But at least I got out, good company, sunny day and some good roads in places.

Now it’s time to batten down the hatches again, the next storm is coming through soonish.

My boat was in there somewhere!

My boat was in there somewhere!

“And I would ride 8,000 km” – not quite the same ring as . . . . . . .

Looking across Belhaven Bay towards Traprain Law, next to the cycle path

Looking across Belhaven Bay towards Traprain Law, Scotland next to the cycle path

to paraphrase The Proclaimers famous song – ‘And I would ride 5,000 miles’ – it sounds so much better, even though it is less impressive, maybe?

Being a maths graduate (seems another lifetime away with the flares & tie die shirts), I love statistics, numbers & spreadsheets etc. So I accumulate masses of stats (thank you Garmin).

Just recently I reached the 8,000 km mark on the bike this year, which included 86,00 metres of ascent, over 350 hours of cycling and endless amounts of fun, happiness, companionship and enjoyment. My biggest ride so far was 147 km (92 miles) with 1,478 metres ascent (4877) – this was done on a blisteringly hot Scottish day, ending up fairly dehydrated. Was going for the century ride, but enough was enough. So, call me a geek if you wish, but, that’s your problem not mine.

There was also some angst, pain and frustration mixed in.

So what does it all mean? Not too much I suppose to most, but recollections of some excellent times for me & my pals. I usually annotate rides with weird titles & descriptions, but they mean something to me. So looking over my rides what churns away in the memory banks?

“Wott!! No coffee, scones or sprinkles?” – I have been out with one Sunday crew for a while now, but was requested to join another so popped along to see. The group is around 25, so we cycled along sort of together for a while, then split into fast & slow. Knowing there was a lot of downhill & flat I went for the fast and we flew, managed to stay with them for a long while till we hit the sea front and woosh, off they went, clung on for a few miles & then finally acted my age, and I wasn’t alone. But – no coffee stop as is usual for me. So – nowadays I alternate between the two groups, both of them good in their own ways.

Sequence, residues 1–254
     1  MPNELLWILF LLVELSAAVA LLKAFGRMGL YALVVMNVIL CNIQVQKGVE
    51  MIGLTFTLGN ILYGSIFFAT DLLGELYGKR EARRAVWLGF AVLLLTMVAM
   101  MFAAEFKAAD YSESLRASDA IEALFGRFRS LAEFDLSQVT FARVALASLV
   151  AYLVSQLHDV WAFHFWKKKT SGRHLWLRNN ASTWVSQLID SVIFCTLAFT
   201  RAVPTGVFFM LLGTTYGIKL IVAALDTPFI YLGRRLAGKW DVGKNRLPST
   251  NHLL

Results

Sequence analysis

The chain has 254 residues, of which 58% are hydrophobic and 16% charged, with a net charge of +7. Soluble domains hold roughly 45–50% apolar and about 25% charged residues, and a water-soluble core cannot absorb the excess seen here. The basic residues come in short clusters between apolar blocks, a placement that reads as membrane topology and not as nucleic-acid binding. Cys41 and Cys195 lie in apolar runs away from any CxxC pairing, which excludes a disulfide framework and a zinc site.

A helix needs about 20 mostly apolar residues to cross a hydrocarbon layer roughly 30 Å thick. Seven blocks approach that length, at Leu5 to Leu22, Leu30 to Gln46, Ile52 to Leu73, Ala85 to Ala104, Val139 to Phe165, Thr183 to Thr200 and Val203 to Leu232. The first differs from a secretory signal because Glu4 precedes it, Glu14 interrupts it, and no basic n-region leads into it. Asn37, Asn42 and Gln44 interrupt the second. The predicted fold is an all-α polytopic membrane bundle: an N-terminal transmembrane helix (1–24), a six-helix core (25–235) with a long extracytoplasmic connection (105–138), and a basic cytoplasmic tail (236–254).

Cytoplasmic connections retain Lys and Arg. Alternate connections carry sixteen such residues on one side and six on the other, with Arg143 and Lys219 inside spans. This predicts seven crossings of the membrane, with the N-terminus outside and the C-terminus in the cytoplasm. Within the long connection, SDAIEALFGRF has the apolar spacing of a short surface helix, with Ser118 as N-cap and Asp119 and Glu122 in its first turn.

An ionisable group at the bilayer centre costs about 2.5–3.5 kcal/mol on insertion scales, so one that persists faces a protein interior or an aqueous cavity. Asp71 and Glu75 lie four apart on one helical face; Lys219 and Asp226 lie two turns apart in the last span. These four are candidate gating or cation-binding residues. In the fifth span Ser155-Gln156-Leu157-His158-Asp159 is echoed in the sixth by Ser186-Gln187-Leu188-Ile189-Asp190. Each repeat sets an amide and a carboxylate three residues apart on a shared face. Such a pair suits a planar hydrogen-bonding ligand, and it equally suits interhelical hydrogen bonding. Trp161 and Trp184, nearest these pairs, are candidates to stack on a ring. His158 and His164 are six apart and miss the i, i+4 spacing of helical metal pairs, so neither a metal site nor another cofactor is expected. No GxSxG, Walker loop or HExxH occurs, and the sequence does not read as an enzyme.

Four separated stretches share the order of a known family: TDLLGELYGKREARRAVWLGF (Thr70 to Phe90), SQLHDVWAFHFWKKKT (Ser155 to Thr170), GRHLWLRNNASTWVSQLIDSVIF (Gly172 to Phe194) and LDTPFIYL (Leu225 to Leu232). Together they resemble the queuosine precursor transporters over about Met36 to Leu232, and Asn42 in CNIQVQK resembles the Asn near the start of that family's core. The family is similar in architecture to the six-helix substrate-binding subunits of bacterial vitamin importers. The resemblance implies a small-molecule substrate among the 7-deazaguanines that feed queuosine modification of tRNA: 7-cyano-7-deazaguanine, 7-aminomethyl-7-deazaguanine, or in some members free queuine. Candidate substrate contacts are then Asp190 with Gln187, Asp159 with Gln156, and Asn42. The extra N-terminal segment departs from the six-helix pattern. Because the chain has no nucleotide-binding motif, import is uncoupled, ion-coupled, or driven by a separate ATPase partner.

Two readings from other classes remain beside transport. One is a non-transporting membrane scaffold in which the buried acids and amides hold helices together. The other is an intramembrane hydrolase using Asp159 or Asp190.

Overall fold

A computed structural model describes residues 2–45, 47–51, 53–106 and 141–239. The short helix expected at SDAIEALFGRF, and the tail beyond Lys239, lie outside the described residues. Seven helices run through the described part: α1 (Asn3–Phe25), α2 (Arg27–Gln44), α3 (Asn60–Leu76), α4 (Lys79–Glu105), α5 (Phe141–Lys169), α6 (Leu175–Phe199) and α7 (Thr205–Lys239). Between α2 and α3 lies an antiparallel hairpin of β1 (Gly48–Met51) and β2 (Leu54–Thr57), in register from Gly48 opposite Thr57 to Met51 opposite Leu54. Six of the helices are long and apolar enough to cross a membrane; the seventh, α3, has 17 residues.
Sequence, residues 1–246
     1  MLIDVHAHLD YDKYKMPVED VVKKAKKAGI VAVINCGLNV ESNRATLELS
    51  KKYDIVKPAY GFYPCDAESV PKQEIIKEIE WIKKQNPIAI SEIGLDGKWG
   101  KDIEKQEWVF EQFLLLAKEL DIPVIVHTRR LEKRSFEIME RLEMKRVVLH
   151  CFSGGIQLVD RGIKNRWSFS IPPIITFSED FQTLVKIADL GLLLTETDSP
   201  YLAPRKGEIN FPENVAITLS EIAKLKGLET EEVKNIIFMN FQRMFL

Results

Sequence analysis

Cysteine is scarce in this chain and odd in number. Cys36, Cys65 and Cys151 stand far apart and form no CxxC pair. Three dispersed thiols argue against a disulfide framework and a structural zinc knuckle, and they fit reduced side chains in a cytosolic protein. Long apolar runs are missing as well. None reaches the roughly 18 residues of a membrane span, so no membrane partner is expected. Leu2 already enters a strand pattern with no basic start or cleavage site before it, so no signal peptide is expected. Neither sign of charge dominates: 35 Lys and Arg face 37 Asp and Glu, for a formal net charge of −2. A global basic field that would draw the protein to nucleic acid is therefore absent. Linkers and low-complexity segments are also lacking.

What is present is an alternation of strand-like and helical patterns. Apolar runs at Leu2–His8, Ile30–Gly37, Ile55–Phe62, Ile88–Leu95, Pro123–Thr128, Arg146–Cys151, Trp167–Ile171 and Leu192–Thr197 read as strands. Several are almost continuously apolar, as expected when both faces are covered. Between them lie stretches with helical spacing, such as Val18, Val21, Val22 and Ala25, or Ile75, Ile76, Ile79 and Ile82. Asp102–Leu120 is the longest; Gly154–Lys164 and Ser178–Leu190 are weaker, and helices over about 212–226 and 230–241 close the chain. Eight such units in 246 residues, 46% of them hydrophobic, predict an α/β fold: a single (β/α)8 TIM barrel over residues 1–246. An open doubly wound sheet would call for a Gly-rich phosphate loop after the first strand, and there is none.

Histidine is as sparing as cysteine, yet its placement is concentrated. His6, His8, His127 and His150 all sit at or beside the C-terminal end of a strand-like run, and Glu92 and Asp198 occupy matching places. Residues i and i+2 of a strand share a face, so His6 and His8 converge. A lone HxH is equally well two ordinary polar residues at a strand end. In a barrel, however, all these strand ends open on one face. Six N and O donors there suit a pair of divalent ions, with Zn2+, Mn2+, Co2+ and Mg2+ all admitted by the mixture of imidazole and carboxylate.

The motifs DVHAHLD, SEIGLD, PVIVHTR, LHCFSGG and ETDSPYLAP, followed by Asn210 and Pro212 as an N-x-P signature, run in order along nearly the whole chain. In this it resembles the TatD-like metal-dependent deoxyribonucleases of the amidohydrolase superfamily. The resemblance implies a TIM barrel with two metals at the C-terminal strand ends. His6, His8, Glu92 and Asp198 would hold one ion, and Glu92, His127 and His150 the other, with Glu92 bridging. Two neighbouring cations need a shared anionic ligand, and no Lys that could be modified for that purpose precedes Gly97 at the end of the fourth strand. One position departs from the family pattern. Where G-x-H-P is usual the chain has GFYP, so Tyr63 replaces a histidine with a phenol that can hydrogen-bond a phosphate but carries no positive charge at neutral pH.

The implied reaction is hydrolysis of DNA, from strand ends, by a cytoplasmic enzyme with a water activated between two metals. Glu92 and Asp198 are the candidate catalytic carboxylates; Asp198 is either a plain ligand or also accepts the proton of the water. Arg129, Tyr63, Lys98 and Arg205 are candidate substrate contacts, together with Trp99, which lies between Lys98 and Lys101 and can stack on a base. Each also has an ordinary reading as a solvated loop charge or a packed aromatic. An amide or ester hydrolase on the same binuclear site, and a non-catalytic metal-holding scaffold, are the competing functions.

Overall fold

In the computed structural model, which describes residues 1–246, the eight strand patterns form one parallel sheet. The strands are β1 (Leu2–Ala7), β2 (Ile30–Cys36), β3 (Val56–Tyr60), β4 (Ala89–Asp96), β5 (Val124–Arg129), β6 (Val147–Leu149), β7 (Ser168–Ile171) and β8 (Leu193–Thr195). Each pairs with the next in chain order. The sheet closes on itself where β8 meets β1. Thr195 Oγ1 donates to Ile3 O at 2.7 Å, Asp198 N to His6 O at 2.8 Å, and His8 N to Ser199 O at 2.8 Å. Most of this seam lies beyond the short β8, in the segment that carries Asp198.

“Tour of Tweedale,1ºC at the start, 30+ miles to warm up – then glorious”  – a Sportive in the Scottish Borders, 82 miles and 1,270 metres (4,000 ft) of ascent with a few tough climbs (one ramps up to over 20% – the Wall of Talla!) It was great, with a couple of pals, a magical food stop with wonderful home made soup and goodies plus plenty of good craic & meetings with pals and groups to follow (and lead) – just perfect despite the initial cold. I’ve done this for the last 3 years and the distance has varied from 80 to 99 miles – definitely the best Sportive I’ve taken part in.

“No Day of the Triffids” – a ride over the hills on the Sunday, the Triffids were the huge wind turbines which usually suddenly loomed close by as we crested the top of the hills.  Because of the thick, thick mist we couldn’t see them this time so had to creep down the hill slowly, slowly dodging gravel, potholes each other and one daft, mad car – so no daft 45+ mph descent for me this time!

And then there was South Africa – a whole different experience in oh so many ways.

Out in the bush, South Africa on "that bike" @£$%$&^%)?!!!!

Out in the bush, South Africa on “that bike” @£$%$&^%)?!!!!

And then there’s the wildlife met en route. Deer, badgers, swans, hares, rabbits, stoats, weasels, skeins of geese, rabbits, dogs, heron, eider ducks, fish, sheep, skylarks, pheasant etc. etc. Wow. are we cyclists sometimes so lucky to be involved in biking?

And looking forward already to next year, I’ve booked a week in Mallorca with the Tuesday bunch I cycle with – yippee!!!!

Tour de France training just for wimps? – My not-so-secret (now) training regime

Me as a Yeti in our local Pantomime

Me as a Yeti in our local Pantomime

I promised myself that when I got to 20+ followers I would publish my training regime. So here goes.

Why the title -well a Tour rider maybe rides for 20-25 years if they are lucky and only a relative few have ever made the history books. But in 2012 a hundred year old guy from France, Robert Marchand, got the world record for his age group for cycling 24 kilometres and 251 metres in 1 hour (just over 15 mph). It was then taken by an American rider. This year, at 102, Robert has beat his own record going 10% faster – cycling 26 kilometers and 927 metres in the hour (about 16.3 mph).